I was really chuffed when I was commissioned to paint a large wall mural for a Heritage Listed building and was able to complete it after suffering both a stroke and a brain tumour. There is no doubt that a serious illness can create huge problems working from home.
Receiving this commission certainly gave a boost to my confidence. Because I was slower than normal, I decided to make short videos of each step so that the client could see the work in progress and not fret about the length of time it was taking me. This worked sensationally as the client sent the link to all her clients and ended up getting more work from old clients because they were so intrigued by the videos.
I received a number of orders for silk product from my online catalogue while I was actually in hospital. My husband told them what had happened to me and offered to refund their money. They all said “no” and said they would wait until I was well enough to do the paintings. I am sure they had no idea how this sped up my recovery. I was so anxious to complete the orders that I ‘willed’ myself to get better.
I did not try to complete a painting in one attempt as I used to. I would only paint for an hour at a time and even then, stopped every 10 minutes and did some stretching exercises. My shoulders and back were feeling the pressure of long periods of time on my feet, bending over the screen and holding my arm steady as I drew and painted on the silk.
I knew I was getting my ‘act together’ again when I decided to develop an online silk painting course. It took off like a rocket and I now have a number of students from around the world. It was so good to know that I could still think and act as an entrepreneur in less than two years after the stroke.
I had a short video made a few months after the stroke, of me telling the beginning of my story. At first I was concerned that I may forget a word (this was part of the Alexia problem I now had) or lose track of what I was saying. So it was a test of my ability to speak fluently. It worked well and it now has over 37,000 viewers on You Tube and is listed on page one for the keyword ‘stroke recovery’.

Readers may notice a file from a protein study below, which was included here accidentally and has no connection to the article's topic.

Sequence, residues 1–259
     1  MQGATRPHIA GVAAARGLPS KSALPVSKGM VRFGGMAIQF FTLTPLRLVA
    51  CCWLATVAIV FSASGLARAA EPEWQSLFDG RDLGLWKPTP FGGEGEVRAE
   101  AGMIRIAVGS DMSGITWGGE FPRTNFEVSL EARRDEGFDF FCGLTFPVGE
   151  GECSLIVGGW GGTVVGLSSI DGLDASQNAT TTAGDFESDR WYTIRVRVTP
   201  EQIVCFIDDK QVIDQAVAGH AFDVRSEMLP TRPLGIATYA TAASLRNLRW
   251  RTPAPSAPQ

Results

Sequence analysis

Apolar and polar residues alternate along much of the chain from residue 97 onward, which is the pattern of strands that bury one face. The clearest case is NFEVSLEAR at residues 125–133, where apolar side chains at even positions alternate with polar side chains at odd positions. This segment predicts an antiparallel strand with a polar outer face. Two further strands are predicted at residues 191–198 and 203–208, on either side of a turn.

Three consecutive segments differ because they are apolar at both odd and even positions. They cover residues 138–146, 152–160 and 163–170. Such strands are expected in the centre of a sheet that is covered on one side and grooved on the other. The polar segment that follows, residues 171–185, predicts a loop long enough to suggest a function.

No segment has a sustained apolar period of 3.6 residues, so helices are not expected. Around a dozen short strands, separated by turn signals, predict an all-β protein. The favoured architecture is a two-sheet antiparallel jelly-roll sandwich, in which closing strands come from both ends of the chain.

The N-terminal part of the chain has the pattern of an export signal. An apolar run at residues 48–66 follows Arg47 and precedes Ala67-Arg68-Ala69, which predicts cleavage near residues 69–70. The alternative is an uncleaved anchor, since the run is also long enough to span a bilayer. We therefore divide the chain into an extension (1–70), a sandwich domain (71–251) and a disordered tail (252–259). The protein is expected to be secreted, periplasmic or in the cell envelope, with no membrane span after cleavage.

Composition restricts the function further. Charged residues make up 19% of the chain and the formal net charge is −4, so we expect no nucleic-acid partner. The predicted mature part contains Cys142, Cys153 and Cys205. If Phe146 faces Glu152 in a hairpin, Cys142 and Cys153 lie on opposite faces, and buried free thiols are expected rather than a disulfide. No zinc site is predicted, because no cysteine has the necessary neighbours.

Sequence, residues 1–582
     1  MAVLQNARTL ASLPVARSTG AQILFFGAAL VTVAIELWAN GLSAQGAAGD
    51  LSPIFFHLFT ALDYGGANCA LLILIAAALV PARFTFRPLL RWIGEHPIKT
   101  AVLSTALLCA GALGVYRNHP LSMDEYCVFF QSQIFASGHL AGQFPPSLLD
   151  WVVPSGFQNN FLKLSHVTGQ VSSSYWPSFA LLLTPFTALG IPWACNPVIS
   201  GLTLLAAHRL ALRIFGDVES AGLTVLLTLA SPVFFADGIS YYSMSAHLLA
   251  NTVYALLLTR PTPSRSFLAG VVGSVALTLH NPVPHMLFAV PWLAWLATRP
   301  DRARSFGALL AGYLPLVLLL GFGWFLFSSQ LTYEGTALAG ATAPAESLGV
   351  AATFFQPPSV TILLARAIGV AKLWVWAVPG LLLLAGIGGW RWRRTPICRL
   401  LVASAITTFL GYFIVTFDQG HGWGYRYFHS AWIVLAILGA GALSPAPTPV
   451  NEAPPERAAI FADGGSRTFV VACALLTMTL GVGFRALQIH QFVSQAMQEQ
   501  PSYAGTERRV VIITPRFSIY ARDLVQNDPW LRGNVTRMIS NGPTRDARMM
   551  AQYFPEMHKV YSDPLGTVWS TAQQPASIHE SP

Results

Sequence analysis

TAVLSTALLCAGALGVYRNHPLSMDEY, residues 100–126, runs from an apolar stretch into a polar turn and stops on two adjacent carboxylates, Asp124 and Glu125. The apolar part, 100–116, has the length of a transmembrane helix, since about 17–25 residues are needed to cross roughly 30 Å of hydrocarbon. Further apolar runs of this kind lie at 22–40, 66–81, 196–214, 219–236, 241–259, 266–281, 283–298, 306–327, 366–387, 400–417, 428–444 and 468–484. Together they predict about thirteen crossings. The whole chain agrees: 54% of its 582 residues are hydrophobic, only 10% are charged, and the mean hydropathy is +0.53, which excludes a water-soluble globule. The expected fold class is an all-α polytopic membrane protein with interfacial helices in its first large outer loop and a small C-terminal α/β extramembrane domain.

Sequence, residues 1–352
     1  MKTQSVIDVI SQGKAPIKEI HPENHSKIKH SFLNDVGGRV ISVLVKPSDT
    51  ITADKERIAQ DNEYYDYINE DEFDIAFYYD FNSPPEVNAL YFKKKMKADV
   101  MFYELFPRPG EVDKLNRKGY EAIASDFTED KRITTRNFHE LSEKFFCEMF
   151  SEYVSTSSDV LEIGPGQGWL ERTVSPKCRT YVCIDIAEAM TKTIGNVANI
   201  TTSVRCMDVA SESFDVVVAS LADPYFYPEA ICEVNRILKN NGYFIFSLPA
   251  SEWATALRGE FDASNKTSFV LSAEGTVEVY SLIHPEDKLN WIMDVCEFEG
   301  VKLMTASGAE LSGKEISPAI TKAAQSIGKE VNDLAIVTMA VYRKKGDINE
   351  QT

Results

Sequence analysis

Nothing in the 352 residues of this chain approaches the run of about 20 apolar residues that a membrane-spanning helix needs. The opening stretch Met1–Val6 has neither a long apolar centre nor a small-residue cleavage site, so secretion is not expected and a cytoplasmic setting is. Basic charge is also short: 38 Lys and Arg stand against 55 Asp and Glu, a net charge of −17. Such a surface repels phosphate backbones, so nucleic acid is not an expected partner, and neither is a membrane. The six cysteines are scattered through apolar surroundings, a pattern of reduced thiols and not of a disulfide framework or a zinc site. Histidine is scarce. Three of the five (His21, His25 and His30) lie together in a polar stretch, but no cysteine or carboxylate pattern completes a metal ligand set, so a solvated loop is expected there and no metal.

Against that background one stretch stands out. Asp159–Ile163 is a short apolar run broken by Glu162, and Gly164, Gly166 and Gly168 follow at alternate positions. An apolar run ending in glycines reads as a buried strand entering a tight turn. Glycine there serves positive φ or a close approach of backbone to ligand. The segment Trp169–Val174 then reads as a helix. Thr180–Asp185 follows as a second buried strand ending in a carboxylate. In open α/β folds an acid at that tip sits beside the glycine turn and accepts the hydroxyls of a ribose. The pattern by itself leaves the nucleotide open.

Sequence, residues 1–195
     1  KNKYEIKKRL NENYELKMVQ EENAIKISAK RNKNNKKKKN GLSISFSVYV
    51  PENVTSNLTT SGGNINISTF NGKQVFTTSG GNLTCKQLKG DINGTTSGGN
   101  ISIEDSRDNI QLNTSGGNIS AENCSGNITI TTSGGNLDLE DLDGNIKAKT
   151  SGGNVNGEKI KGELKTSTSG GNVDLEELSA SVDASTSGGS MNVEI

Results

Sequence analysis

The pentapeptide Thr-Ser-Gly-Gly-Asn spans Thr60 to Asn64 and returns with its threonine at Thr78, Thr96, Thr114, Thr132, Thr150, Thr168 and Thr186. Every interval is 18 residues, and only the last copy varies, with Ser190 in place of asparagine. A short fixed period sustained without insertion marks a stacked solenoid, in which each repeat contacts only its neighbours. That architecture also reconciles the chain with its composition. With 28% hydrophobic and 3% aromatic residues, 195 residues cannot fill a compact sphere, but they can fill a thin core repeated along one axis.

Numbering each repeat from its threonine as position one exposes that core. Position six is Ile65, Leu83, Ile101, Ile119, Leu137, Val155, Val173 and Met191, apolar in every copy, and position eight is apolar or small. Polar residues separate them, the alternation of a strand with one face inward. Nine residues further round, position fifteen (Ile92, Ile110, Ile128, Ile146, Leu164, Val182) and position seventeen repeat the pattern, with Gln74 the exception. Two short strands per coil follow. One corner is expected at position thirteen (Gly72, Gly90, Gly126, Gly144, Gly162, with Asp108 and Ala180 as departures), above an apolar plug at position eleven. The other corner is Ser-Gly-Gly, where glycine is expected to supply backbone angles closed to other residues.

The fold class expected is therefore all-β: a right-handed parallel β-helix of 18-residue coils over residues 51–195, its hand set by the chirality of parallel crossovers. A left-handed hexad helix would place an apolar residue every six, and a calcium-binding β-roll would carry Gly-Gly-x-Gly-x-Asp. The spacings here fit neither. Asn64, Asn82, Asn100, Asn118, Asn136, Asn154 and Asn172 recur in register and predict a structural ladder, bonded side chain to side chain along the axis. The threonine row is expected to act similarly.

The next real test for my ability to speak came when I was invited to speak at a Liberal Party event for the Menzies Research Centre. I was one of six presenters which included Tony Abbot the leader of the opposition. When individuals came up to congratulate me on my talk, I knew that I could cope with public speaking again.
My philosophy is now “I can do whatever I want to, I just have to figure out how.” Being confident, optimistic, caring, determined and concentrating on what I could do (rather than on what I could no longer do), all went towards making my recovery a speedy and successful one.
Problems working from home did not seem so huge anymore. By being able to accept my disabilities and still feel worthwhile and a useful member of society, as well as still being able to run my businesses, is something I will always be grateful for. In my book ‘Thank God I Had a Stroke’ I explain in more detail just how I was able to get back into a productive lifestyle. It was so good to hear that folk who read my book found it both inspirational and interesting. You can too, if you really want to!
Tips and Hints
Don’t think that your world as you knew it is over. Concentrate on getting back to do what it was that you loved doing, Accept that you may have to do them differently, but feel confident that you will still be productive and can lead a rewarding life. If you really want to, you will be able to.